�
+
�
Massachusetts
Institute
of
Technology
Department
of
Electrical
Engineering
and
Computer
Science
6.243j
(Fall
2003):
DYNAMICS
OF
NONLINEAR
SYSTEMS
by
A.
Megretski
Problem
Set
2
Solutions
1
Problem
2.1
Consider
the
feedback
system
with
external
input
r
=
r
(
t
)
,
a
causal
linear
time
invariant
forward
loop
system
G
with
input
u
=
u
(
t
)
,
output
v
=
v
(
t
)
,
a
)
−
1
/
2
e
−
t
,
where
¯
and
impulse
response
g
(
t
)
=
0
.
1
�
(
t
)
+
(
t
+
¯
a
0
is
a
parameter,
→
and
a
memoryless
nonlinear
feedback
loop
u
(
t
)
=
r
(
t
)
+
π
(
v
(
t
))
,
where
π
(
y
)
=
sin(
y
)
.
It
is
customary
to
require
wellposedness
of
such
feedback
models,
r
±
�
u
±
G
±
v
π
(
y
)
Figure
2.1:
Feedback
setup
for
Problem
2.1
which
will
usually
mean
existence
and
uniqueness
of
solutions
v
=
v
(
t
)
,
u
=
u
(
t
)
of
system
equations
⎬
t
v
(
t
)
=
0
.
1
u
(
t
)
+
h
(
t
−
δ
)
u
(
δ
)
dδ,
u
(
t
)
=
r
(
t
)
+
π
(
v
(
t
))
0
on
the
time
interval
t
≤
[0
,
⊂
)
for
every
bounded
input
signal
r
=
r
(
t
)
.
1
Version
of
October
8,
2003
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�
2
(a)
Show
how
Theorem
3.1
from
the
lecture
notes
can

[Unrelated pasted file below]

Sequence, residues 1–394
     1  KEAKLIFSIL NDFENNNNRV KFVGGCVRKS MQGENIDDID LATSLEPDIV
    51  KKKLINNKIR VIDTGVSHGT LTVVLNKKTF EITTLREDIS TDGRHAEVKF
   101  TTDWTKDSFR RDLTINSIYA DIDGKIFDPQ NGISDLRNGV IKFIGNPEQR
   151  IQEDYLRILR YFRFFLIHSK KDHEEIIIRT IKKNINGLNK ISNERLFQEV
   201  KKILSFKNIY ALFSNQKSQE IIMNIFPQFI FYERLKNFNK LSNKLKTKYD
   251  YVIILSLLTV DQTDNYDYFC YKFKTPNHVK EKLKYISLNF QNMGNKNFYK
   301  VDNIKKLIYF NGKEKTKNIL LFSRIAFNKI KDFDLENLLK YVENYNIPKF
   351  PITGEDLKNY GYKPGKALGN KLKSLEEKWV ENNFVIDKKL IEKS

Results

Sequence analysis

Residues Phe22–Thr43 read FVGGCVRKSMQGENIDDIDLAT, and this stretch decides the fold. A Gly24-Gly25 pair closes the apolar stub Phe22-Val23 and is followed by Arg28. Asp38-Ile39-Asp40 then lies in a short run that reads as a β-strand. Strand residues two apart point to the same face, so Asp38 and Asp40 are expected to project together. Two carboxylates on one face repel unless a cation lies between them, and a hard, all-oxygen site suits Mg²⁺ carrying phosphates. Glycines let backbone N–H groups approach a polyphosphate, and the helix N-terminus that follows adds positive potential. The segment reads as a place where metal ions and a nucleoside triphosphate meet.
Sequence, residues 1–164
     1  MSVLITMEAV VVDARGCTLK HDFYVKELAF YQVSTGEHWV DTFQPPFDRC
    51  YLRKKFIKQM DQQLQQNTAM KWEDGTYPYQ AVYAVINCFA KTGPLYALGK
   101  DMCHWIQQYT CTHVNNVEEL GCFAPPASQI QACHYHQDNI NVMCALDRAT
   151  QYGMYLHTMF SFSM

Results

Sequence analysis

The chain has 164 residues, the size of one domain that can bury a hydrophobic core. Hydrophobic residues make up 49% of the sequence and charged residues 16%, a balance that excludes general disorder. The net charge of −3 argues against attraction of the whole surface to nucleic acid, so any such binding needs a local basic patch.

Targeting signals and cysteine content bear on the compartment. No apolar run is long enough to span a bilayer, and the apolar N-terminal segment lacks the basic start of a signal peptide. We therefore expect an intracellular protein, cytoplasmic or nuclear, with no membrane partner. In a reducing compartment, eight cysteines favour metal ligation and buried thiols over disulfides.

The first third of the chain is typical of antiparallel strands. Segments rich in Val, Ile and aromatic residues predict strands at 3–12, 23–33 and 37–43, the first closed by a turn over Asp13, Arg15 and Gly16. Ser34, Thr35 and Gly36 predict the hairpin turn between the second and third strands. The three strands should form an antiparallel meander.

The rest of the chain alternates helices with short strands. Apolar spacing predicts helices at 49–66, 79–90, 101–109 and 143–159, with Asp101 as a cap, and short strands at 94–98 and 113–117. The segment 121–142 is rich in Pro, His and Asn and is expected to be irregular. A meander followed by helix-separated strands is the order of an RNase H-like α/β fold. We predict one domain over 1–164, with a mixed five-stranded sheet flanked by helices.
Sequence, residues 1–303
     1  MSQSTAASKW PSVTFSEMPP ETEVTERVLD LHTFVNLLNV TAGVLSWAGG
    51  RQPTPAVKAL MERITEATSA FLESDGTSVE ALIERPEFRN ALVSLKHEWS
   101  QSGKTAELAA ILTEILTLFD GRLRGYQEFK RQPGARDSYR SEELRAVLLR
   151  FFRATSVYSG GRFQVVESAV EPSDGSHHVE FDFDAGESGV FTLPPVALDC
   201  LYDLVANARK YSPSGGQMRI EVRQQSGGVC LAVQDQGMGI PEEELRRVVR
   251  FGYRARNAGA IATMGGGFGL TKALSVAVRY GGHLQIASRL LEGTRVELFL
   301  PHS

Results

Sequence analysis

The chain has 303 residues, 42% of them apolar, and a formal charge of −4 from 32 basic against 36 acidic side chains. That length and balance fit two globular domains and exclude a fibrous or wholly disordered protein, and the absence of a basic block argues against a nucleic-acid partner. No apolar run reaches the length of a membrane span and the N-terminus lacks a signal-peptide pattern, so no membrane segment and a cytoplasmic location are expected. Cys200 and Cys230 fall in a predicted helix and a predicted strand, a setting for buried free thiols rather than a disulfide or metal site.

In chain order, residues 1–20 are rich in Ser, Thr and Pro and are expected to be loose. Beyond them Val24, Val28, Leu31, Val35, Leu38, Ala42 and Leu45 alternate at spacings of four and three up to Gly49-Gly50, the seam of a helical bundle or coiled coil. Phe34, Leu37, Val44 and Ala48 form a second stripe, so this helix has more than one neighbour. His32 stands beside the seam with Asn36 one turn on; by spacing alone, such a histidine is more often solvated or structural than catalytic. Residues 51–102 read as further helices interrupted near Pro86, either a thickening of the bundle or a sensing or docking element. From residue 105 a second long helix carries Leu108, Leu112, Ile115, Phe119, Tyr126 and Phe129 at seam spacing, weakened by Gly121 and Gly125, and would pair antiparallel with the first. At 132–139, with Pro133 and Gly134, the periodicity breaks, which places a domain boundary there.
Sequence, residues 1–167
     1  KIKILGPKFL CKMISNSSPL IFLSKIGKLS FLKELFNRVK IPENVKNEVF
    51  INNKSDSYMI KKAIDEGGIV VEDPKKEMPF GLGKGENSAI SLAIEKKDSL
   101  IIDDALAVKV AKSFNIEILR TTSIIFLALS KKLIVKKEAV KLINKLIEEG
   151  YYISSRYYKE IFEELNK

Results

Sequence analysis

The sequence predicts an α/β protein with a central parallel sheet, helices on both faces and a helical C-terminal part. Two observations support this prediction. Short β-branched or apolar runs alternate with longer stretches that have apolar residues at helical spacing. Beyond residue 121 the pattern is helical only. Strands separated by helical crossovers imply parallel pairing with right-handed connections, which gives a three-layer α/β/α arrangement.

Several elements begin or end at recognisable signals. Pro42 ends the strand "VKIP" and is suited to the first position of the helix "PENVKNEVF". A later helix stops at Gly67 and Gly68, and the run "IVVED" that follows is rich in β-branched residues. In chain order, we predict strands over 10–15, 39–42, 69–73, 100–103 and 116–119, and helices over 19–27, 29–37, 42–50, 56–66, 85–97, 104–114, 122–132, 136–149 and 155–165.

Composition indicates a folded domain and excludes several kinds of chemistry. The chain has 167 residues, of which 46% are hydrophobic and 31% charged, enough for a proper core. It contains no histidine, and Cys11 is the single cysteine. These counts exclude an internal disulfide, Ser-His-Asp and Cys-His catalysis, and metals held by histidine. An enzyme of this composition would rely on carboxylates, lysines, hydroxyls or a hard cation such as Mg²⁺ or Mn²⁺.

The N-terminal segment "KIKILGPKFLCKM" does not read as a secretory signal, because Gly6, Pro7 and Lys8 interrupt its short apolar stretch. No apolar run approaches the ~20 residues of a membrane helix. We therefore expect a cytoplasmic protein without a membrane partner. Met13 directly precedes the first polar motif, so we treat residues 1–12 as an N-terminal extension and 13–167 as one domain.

be
used
to
prove
wellposedness
in
the
case
when
¯
a
>
0
.
In
terms
of
the
new
signal
variable
y
(
t
)
=
v
(
t
)
−
0
.
1
π
(
v
(
t
))
−
0
.
1
r
(
t
)
system
equations
can
be
rewritten
as
⎬
t
y
(
t
)
=
h
(
t
−
δ
)[
r
(
δ
)
+
�
(
y
(
δ
)
+
0
.
1
r
(
δ
))]
dδ,
0
where
−
t
(
t
+
a
)
−
1
/
2
e
,
t
0
h
(
t
)
=
→
0
,
otherwise,
and
�
:
R
∞�
R
is
the
function
which
maps
z
≤
R
into
π
(
q
),
with
q
being
the
solution
of
q
−
0
.
1
π
(
q
)
=
z.
Since
π
is
continuously
differentiable,
and
its
derivative
ranges
in
[
−
1
,
1],
�
is
con
tinuously
differentiable
as
well,
and
its
derivative
ranges
between
1
/
1
.
1
and
1
/
0
.
9.
For
every
constant
T
≤
[0
,
⊂
),
the
equation
for
y
(
t
)
with
t
T
can
be
rewritten
→
as
⎬
t
y
(
t
)
=
y
(
T
)
+
a
T
(
y
(
δ
)
,
δ,
t
)
dδ,
T
where
a
T
(¯
y,
δ,
t
)
=
h
(
t
−
δ
)[
r
(
δ
)
+
�
(
y
(
δ
)
+
0
.
1
r
(
δ
))]
+
h
T
(
t
)
,
⎬
T
h
T
(
t
)
=
h
˙
(
t
−
δ
)[
r
(
δ
)
+
�
(
y
(
δ
)
+
0
.
1
r
(
δ
))]
dδ.
0
When
parameter
a
takes
a
positive
value,
function
a
=
a
T
satisfies
conditions
of
¯
Theorem
3.1
with
X
=
R
n
,
¯
a
)
being
a
x
0
=
y
(
T
),
r
=
1,
and
t
0
=
T
,
with
K
=
K
(¯
function
of
¯
a
=
0,
and
≥
M
=
M
T
=
M
0
(
a
)(1
+
max
y
(
t
) )
.
t
�
[0
,T
]


Hence
a
solution
y
=
y
(
·
)
defined
on
an
interval
t
≤
[0
,
T
]
can
be
extended
in
a
unique
way
to
the
interval
t
≤
[0
,
T
+
],
where
T
+
−
T
=
min
{
1
/M
T
,
1
/
(2
K
)
}
,
and
max
y
(
t
)
√
M
T
(
T
+
−
T
)
+
max
y
(
t
) )
.
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 Spring '09
 AlexandreMegretski
 Dynamics, Derivative, Continuous function, Limit sets

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